When I first began skiing, hardly a day would pass without spending some time on the slopes, and skiing a hundred days a year wasn’t an achievement, it was an expectation. It’s hard to say whether recent less-than-inspirational winters or living just far enough away from a mountain to make skiing inconvenient have conspired against my sliding on the snow, but these days I would be happy to get out half as often as I did in the old days. Although my time on the slopes isn’t what it once was, I am lucky to be able to write about (and be compensated for) the time I spend outdoors, which is pretty darn close to my vision of living the dream. Below are some of my most recent articles; give them a click if you’re curious as to what I’ve been writing or just want to help keep the dream alive.
Shoestring Gully features moderate climbing in a magnificent setting, making it a natural choice for an Alpha Guide. Having climbed the route a few times before, Doug and I thought writing this article would be easy, all we needed to was zip up north to collect a few photos and GPS track. Of course, nothing is ever simple. In early January, sub-zero-temperatures were the norm, and they were followed by a January thaw that decided never to leave. With a deadline closing in, we took a leap of faith and headed north to climb. With okay ice and no one else on the route (a rarity), we made a casual ascent, took extra time for photos, just made our deadline, and produced one of my favorite Alpha Guides to date. Check it out here.
In spite of struggling to get this goEast article about celebrating President’s Day in New Hampshire’s presidential mountains off the ground, I really enjoyed how it turned out. It was fun to blend a little bit of history into the all the outdoorsy stuff that makes up the majority of my goEast writing, and it made for a more interesting article.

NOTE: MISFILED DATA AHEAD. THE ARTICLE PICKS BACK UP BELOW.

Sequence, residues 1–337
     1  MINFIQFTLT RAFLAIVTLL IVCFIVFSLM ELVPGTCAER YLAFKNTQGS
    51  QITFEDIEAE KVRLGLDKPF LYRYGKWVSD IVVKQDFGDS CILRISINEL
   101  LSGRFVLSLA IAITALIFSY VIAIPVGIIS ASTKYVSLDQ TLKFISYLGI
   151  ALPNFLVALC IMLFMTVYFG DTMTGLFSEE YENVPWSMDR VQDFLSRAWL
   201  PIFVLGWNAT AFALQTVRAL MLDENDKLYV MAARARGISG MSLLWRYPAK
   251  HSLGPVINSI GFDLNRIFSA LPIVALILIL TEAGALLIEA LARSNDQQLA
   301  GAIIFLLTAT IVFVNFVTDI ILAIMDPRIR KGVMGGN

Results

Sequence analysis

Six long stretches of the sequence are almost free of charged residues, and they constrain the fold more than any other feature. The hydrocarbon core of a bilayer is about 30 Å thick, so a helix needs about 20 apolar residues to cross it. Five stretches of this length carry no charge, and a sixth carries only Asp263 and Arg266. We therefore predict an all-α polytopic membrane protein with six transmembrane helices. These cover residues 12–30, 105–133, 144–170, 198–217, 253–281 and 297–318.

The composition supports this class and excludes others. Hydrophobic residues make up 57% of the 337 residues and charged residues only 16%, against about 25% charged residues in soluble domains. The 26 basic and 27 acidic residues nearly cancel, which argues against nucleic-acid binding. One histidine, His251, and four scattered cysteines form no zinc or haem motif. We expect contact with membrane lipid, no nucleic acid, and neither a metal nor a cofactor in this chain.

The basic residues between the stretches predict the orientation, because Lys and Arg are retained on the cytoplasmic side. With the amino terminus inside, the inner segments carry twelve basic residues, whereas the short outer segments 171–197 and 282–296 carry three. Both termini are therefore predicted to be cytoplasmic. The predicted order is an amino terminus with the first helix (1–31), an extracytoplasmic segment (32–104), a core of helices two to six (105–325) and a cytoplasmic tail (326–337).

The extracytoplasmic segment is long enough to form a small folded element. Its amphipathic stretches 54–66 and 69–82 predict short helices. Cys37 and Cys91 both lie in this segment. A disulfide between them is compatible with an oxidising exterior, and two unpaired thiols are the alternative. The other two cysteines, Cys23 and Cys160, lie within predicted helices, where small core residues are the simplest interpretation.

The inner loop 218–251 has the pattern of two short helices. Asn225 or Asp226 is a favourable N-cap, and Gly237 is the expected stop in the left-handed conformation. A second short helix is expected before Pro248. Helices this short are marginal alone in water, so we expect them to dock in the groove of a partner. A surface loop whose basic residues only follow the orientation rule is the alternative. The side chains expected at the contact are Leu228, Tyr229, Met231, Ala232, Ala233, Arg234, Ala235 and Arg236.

For me, spending time in the mountains means spending time in the car, and for years I relied on podcasts to help pass the time while driving. Lately, I’ve been trying to find a way to incorporate more of the peripheral things that go along with time outside into my writing, so I was very excited for the oppurtunity to contribute to this goEast article on outdoor podcasts. Seriously, if EMS ever starts another podcast and I’m not asked to host it, I will be devastated. It seems the perfect medium for me to ramble (complain) about all types of things.
I really enjoy writing articles like this one for goEast about getting ready for backcountry ski season. However, I wish I was as good at following advice as I am at giving it. For example: for the first time in my life, I have a dedicated place to work on skis but I haven’t tuned them once this season; I’ve forgotten my first aid kit more than I’ve remembered it; and don’t get me started on my repair kit—I don’t think I’ve seen it since we moved two Novembers ago.
Much like Shoestring Gully, the Alpha Guide for climbing Mount Washington via the Lion’s Head Winter route sat undone for a long time. Although it has felt like a mild winter, every time Doug and I planned on an ascent of this iconic route, it was either bitterly cold or incredibly windy on Mount Washington. Also like Shoestring Gully, we eventually just sucked it up and went, in spite of the forecasted 100-plus mile an hour winds above treeline. We had a surprisingly great day with mostly great weather (the summit was just a little windy…see the video) and loved almost every minute we spent on the route.
I’m willing to admit defeat this winter and although I would be psyched to get a few more ski days in, I’m ready to ride my mountain bike. Last year, I had hoped to climb 5.12 and hike all of New Hampshire’s 4,000-footers in 48 days. Despite failing in both quests last year, I’ve been scheming up some grand plans for spring and summer (March resolutions?), so it’s just a matter of making the time, making it happen, and, of course, writing about it. So keep clicking and reading!